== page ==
Rule 61 – Slashing
61.1 Slashing – Slashing is the act of a player swinging his stick at an opponent, whether contact is made or not. Non-aggressive stick contact to the pant or front of the shin pads, should not be penalized as slashing. Any forceful or powerful chop with the stick on an opponent’s body, the opponent’s stick, or on or near the opponent’s hands that, in the judgment of the Referee, is not an attempt to play the puck, shall be penalized as slashing.
61.2 Minor Penalty – A minor penalty, at the discretion of the Referee based on the severity of the contact, shall be imposed on a player who slashes an opponent.
61.3 Major Penalty – A major penalty, at the discretion of the Referee based on the severity of the contact, shall be imposed on a player who slashes an opponent. When injury occurs, a major penalty must be assessed under this rule (see 61.5).
61.4 Match Penalty – The Referee, at his discretion, may assess a match penalty if, in his judgment, the player attempted to or deliberately injured his opponent by slashing.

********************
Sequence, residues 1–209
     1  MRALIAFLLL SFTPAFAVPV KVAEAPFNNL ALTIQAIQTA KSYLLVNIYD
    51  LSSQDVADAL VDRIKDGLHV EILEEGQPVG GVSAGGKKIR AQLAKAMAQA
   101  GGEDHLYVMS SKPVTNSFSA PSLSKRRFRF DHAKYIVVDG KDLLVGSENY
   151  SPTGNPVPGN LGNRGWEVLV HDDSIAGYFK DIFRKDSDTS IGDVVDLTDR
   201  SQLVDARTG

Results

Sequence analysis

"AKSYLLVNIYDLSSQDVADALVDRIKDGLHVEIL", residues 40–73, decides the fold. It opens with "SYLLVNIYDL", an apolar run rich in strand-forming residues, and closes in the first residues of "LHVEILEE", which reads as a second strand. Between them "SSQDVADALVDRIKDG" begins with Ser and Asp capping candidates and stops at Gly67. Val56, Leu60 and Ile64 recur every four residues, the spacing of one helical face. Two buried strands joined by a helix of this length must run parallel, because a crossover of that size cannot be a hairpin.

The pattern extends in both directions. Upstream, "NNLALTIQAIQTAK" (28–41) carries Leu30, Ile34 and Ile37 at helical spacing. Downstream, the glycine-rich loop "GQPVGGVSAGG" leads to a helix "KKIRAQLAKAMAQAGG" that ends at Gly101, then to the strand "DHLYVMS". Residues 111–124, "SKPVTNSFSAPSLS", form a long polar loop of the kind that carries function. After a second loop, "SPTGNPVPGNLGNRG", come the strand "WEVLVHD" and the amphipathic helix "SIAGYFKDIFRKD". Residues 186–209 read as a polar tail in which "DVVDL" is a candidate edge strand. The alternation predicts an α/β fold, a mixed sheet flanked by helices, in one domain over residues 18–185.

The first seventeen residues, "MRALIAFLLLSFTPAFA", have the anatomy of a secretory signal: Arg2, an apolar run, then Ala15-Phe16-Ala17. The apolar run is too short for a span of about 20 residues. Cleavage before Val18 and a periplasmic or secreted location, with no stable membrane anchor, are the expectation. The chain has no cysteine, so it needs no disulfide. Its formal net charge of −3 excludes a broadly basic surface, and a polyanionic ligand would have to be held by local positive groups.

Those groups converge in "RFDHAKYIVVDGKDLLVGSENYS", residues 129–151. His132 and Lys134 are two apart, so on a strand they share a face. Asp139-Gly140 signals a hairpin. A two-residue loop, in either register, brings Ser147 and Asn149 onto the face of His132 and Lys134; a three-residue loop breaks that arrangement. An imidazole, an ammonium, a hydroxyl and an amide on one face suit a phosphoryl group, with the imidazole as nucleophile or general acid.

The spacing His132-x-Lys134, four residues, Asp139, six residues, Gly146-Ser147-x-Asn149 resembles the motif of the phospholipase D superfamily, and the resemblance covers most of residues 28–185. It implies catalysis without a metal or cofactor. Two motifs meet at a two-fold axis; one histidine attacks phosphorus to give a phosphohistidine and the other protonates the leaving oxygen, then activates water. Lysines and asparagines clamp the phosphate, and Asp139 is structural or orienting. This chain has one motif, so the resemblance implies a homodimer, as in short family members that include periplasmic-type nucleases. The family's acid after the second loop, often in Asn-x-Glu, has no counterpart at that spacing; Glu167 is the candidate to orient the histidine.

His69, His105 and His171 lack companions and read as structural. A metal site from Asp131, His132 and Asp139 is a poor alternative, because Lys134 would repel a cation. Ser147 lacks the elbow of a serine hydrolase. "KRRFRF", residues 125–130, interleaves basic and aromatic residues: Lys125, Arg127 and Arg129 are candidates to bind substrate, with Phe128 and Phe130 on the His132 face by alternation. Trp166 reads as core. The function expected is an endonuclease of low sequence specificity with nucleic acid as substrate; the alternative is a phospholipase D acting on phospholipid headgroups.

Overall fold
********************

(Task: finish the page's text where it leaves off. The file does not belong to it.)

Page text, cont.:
61.5 Game Misconduct Penalty – Whenever a major penalty is assessed for slashing, a game misconduct penalty must also be imposed.
61.6 Penalty Shot – refer to Rule 57.3 – Tripping.
61.7 Awarded Goal – refer to Rule 57.4 – Tripping.
61.8 Fines and Suspensions – There are no specified fines or suspensions for slashing, however, supplementary discipline can be applied by the Commissioner at his discretion (refer to Rule 28).

Wednesday, 17 December 2014

Game 32: Canadiens 4, Hurricanes 1

These are my Canadiens Express thoughts on the Canadiens' win, I had to resort to the condensed RDS version of the game, since I was blacked out of the game by the new whiz-bang TV deal that's going to last 12 years and is going to serve me so much better as a hockey fan.